But while the militiamen do their work, civilians get in the way.
“There has been no admission of civilian killings from the government about the damage they have caused,” Hamourtziadou says. “What we see is almost daily statements about the militants killed—the Sunni rebels.”
Since his first term in 2006, al-Maliki has been accused of fueling the ongoing tension between Sunnis and Shias and other sectarian groups. The fear is that the elections will solidify this gap.
“Yes, the Shias are the largest group, but there are also important Sunni and Kurdish communities,” says one senior U.N. official. “And unless they both feel that their interests are being properly taken into account, it is most unlikely there will be stability in Iraq. “
It was never going to be easy in Iraq. From the first days, when American soldiers poured into Firdos Square and tethered a rope to the statue made for the 65th birthday of Saddam Hussein and hauled it down, the mood was always uncertain.
On that day in April 2003, as the U.S. Marines ended the Battle of Baghdad with that symbolic gesture, gangs of angry Iraqis were running through the streets with goods they had looted from offices, hospitals and apartments.
That chaotic and violent scene, just a half-mile from jubilant Firdos Square, was a harbinger. Within weeks, the first seeds of the insurgency were planted, and militias were rising up to fight the American troops they saw as occupiers.
By 2006, the war was in full swing. The bloodshed, the bodies being found bound and beaten, the mass graves and the bombing went on until the American troops pulled out in 2011. They left a legacy of hatred and distrust, as well as a vicious Sunni-Shia divide.
The run-up to the elections was marked by violence not seen at this level since 2008, particularly in Anbar, where attacks on Shias—and the government retaliation—were rampant.
In Baghdad and other cities, people go about their daily lives because they have become used to car bombs, markets destroyed and funerals interrupted by bloodshed. But they are wary. Evers says many Iraqis—Sunni and Shia alike—have told her that while the Saddam era was bloody in many ways, it was also predictable.
“They say that when Saddam was in power, you did not cross the red line,” she says. “But now, there are multiple red lines, so they never know when they are crossing it. Meaning, there is less rule of law, the judicial system is in a shambles, and, on top of that, the Shia militias are working with the government against violent Sunni groups.”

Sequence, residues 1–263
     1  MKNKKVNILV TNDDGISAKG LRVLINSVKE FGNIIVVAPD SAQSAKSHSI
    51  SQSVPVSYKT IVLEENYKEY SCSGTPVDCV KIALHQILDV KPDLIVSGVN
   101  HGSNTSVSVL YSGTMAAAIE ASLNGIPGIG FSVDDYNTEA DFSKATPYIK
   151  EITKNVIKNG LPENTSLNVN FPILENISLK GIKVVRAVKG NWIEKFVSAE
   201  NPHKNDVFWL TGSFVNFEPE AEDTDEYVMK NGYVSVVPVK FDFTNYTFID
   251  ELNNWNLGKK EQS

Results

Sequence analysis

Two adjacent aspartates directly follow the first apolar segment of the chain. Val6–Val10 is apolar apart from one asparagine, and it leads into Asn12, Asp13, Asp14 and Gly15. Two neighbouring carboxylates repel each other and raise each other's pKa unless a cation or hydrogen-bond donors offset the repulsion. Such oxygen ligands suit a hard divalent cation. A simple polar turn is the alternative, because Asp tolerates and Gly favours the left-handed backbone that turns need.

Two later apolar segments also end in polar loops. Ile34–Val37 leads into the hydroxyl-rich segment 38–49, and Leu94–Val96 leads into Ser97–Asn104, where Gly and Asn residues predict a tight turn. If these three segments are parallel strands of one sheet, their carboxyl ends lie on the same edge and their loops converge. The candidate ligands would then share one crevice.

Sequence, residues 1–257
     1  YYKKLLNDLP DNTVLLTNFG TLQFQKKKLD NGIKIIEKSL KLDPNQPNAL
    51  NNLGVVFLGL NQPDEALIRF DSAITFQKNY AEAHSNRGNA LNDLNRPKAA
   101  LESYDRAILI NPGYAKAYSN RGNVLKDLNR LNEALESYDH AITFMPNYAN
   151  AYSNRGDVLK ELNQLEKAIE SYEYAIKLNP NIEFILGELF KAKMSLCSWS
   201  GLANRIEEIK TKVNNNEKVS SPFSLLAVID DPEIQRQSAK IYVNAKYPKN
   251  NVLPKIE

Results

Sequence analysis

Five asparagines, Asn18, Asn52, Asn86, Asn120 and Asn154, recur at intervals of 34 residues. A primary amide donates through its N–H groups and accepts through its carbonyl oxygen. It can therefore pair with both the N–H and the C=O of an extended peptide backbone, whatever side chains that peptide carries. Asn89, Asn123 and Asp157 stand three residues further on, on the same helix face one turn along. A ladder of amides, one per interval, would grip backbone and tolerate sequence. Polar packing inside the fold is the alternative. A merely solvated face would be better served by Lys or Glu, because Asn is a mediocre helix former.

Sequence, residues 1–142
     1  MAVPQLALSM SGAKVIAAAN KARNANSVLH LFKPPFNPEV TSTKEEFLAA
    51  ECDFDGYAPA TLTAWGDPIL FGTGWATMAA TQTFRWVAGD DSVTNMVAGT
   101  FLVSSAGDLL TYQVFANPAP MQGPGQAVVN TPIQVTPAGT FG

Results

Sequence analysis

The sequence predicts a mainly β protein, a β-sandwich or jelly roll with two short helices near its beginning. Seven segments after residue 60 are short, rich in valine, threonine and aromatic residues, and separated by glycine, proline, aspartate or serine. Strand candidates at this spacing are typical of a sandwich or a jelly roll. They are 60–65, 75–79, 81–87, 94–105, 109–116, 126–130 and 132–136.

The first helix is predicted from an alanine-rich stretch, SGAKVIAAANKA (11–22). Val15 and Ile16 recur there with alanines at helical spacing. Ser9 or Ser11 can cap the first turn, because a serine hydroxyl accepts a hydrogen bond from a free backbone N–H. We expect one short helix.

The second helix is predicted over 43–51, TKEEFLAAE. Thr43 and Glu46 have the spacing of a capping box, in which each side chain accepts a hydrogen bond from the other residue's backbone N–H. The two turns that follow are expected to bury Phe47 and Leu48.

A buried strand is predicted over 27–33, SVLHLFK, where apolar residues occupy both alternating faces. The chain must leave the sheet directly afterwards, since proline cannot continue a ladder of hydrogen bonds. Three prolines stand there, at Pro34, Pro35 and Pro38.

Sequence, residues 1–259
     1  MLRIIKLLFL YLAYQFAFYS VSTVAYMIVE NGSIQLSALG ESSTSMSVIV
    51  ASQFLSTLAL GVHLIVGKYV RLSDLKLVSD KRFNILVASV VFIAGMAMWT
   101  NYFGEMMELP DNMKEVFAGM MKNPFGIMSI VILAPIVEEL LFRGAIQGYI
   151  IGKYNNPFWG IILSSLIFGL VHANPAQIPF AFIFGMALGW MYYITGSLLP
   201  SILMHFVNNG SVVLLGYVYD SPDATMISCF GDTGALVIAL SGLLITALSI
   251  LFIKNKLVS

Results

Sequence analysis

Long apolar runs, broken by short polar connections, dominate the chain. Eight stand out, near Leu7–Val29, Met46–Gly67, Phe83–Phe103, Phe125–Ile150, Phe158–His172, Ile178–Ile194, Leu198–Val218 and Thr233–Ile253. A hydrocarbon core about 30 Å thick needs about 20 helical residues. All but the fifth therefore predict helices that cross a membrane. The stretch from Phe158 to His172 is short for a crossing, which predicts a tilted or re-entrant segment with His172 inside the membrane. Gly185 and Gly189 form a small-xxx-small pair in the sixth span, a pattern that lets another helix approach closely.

Election day was calm, which the government took as an indication al-Maliki would win. One Iraqi diplomat said, “The main thing is that the elections did take place. And reasonably well, given the difficulties. After the results are certified, the real work of government formation will begin, and it’s likely to take time. Four years ago, it lasted nine months.”
What weapons are being used to kill so many? Henry Dodd, an expert on improvised explosive devices (IEDs) from Action on Armed Violence in London, says the weapons ISIS is using range from small roadside bombs, which target police vehicles, to a vehicle bomb driven into a market or heavily populated area “designed to kill and maim as many civilians as possible.”
The bombs range from sophisticated versions made with hard-to-find ingredients to simpler ones, which might have been constructed from fertilizer and fuel, that bombers learn how to make on the Internet. “I imagine some of the attackers would have been trained in Syria,” says Dodd.
The killing of civilians has been “accepted for too long as business as usual,” he says. He believes one way to pressure the government after the election is to address the issue of IEDs head on. “People assume…there is nothing we can do about this violence,” he says. “But IEDs can be addressed…by changing policies around import-export of fertilizers being used [for bomb making], how they are getting through the border.”
It is likely that al-Maliki will continue his power surge in Iraq and that the cycle of violence will continue. “It has become the ugliest kind of civil war in Anbar,” Dodd says. “Religious with a sectarian element.”
Hamourtziadou says the fault lies with the failure of U.S. policy to rein in al-Maliki, and the U.S.’s continual support for him. She says the al-Maliki government points out the killings by the jihadists but fails to admit to its own crimes.
“I find it shocking that the Korean prime minister resigned over the ferry disaster and that Iraqi politicians take no responsibility for the shocking carnage in their country,” she says.